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Chabad Lubavitch Center, Berlin, Germany

Friday 04 Jun 2010
 

A powerful transformation

 
image by Christian Gahl 
 
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Award Entry

Former electrical substation undergoes an unlikely conversion into a synagogue 

The 1922-founded building was designed for the electricity company 'Elektrizitätswerk Südwest AG'. Its use as a voltage transformer station and later as a laboratory for street illumination and has nothing in common with the today's aim of use. The building was bought by a Jewish society in 2004 and is now being rebuilt and provided to the Jewish-orthodox society 'Chabad Lubawitsch' for the next 99 years.

The cladding remains mostly the way it is, simply a representative entrance will be established to the side of the street. The primal transformer hall is altered into an orthodox synagogue and the basement is set up for a traditional Jewish ritual bath, the Mikwe. Seminar rooms, a library, a room for children's service, a café and a festival room with attached kosher kitchen offer room for miscellaneous religious and cultural events of the community members and their visitors from all around the world.

The entrance hall is connected upstream to the prayer area and impresses by its furniture, composed of organic solitaires, as independent lounge. The wall between synagogue and foyer was disguised with monolithic sandstone plates similarly of the Jerusalem Wailing Wall.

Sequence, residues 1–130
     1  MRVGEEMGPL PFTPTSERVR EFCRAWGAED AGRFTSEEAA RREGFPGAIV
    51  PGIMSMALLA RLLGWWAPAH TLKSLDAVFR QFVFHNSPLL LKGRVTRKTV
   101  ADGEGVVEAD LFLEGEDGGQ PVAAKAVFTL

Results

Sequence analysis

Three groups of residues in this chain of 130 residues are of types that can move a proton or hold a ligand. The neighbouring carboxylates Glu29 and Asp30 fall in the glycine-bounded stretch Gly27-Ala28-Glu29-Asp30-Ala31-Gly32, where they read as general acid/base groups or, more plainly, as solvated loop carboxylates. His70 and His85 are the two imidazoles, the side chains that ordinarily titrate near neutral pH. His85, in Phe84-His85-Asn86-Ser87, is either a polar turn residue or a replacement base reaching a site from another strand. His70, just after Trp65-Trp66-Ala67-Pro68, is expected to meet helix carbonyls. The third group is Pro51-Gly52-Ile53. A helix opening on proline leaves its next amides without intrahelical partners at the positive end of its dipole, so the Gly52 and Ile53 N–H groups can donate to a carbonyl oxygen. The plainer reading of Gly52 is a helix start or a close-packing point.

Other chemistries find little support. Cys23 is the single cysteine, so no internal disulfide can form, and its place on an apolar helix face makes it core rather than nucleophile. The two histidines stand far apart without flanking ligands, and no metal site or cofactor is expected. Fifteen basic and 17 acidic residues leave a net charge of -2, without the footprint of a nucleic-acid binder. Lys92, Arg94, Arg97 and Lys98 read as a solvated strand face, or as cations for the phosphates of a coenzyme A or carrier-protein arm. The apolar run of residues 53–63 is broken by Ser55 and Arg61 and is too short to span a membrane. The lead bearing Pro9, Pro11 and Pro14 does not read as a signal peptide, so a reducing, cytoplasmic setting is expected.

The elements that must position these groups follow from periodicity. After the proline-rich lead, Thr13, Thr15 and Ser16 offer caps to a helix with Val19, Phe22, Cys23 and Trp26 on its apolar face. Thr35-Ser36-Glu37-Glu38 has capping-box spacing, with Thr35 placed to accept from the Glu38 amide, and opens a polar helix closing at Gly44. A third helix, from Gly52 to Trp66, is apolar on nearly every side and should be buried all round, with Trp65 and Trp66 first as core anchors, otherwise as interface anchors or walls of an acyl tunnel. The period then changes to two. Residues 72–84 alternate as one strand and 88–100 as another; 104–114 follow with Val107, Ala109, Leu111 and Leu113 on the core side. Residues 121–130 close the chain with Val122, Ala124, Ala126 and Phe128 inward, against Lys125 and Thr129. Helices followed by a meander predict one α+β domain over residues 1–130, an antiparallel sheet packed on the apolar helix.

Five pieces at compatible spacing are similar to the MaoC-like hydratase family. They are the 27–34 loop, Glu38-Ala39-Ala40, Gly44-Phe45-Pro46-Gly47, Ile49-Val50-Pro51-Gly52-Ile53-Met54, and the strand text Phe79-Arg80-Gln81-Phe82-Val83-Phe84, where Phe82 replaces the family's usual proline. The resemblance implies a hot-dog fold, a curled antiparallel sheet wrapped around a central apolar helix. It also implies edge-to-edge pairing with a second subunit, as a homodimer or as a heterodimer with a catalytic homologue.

The synagogue, a high hall, in itself resting, forms the mentally and the cultural center of the plant. The hall appears compactly in spite of its horizontal fluent structures, certainly by the dark, room-high, wooden paneling. In their composition appears the three storey hall in balance, whose roof structure is carried by a single pillar, asymmetrically standing. Functional elements, like the shrine for the Thora roles and the gallery in the upper floor, separately available for women, grows out of the wall. The gently curved gallery is arranged in a distance to the round pillar and the walls to avoid that the room is divided in horizontal areas.

The synagogue hall is lighted on the one hand over a oval roof-light, which symbolises the spiritual connection between the believers and the divine instance and on the other hand they become illuminated over the into walls inserted narrow lights, which makes an at the same time warm and solemn tendency in the hall and stands in dialogue to the dark wood of the walnut and the deep red of the upholstered seats.

Key Facts

Status Completed
Value 0(m€)
Were you involved in this scheme?
nps tchoban voss GmbH & Co. KG
www.npstv.de

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